353. Commercial Patriotism? Patriotic Commercials?
Sep 12, 2011 at 01:02PM

Disclaimer: Writing articles like this is tough. There are a lot of different opinions out there, and lots of feelings, but thinking about these things is an important exercise, so here goes.

So, we all know that the ten year anniversary of 9-11 occurred yesterday. The date came incidentally on opening weekend of NFL football. So you have a very sad reminder of an atrocity meeting up with a day that most Americans look forward to, in a year we thought it might not happen. Clearly the former's importance is on a scale that the sport can't even begin to match in the smallest of degree. However, sport does intersect life - just as it did in the days and weeks following the twin towers falling. I remember a few baseball games that helped make everything seem normal, even if only for a few innings. Yesterday, we had another instance of sport intersecting life, and adding to the complexity of it all, was a layer of capitalism.

But first, a little background info on me so that none of you out there will quickly browse this article and declare me a heartless bastard, or worse, unpatriotic, or even worse, an insensitive jerk. On 9-11, I was driving down to Richmond, Virginia from the suburbs of DC to make an early morning meeting about a freelance project. The project was for a literacy center that I had worked at during my undergrad and graduate days at VCU, and even though the money wasn't very good, I liked the people and what they were trying to do in the world. I was driving down I-95 in my old pickup listening to some very bad DJs on some very bad radio stations, trying to find a decent tune. (This was before satellite radio or ipod aux jacks fit into my income bracket). When it happened, these poor DJ's were just not qualified to explain what was going on. In my head, given what they had said, a plane the size of a small Cesna had crashed into one of the towers accidentally. Didn't seem like much of a big deal squashed between two really bad country songs in the middle of Virginia on that rather pretty September morning.

When I got to campus, I parked my truck and walked up the four sets of stairs to the literacy center. I was totally not prepared for what I was going to see on the small TV set the employees had pulled into the middle of the lending library. It wasn't long before the towers began to fall. Of course, nobody knew what to say, or what to feel, or what to do. I actually got briefed on the project and started to drive back up to Northern Virginia. It was all a blur, but I do remember I-95 was empty. Which, if you are an east-coaster, you know how crazy that sounds. I might have passed ten cars on the hour and a half drive back north. The radio air was obviously filled with new words too: attack, terrorism, disaster, loss of life, and worse. I, like everyone else, watched the next few days and weeks in shock.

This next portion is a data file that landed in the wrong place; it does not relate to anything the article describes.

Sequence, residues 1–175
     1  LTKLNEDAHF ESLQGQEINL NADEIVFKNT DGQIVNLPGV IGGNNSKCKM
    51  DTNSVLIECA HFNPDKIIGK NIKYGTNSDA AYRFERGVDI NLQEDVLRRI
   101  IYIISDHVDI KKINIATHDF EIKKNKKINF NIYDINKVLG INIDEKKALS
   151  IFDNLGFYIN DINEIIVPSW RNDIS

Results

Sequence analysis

Oddly enough, I had had an interview in NYC that week that was obviously postponed, but I did end up going a few weeks later. What I will never forget were the holes in the skyline where I had been so used to seeing those buildings and the inches thick dust on cars coming out of the city. It looked like dirty snow. And the vigils set up all over town, but particularly the one at Union Square. And the Wanted-Dead-or-Alive posters for Osama. Those are hard things to get out of your mind. And I didn't lose anyone that I knew personally. I can't imagine what that must have been like, watching it all on CNN. Words like tragedy are overused, but not in this case.

So fast-forward ten years to NFL opening weekend yesterday. I have a cold, so instead of helping out on a last-minute project at EC1, I'm couch-surfing and watching football in a semi-Sudafed stupor. I know that I'll be seeing some 9-11 programming, afterall, you can't just ignore it, right? And most of the stuff the sports networks were doing was rather dignified and respectful for the most part. Robert De Niro reprising his role from the 9-11 documentary and talking about the events ten years ago didn't feel inappropriate, just to mention one. What I wasn't prepared for were the ads, even though I should have been. And as I'm want to do, I'm writing about this as much to figure out why I reacted the way I did, as much as I am writing for you the reader. First, let's take a look at three examples.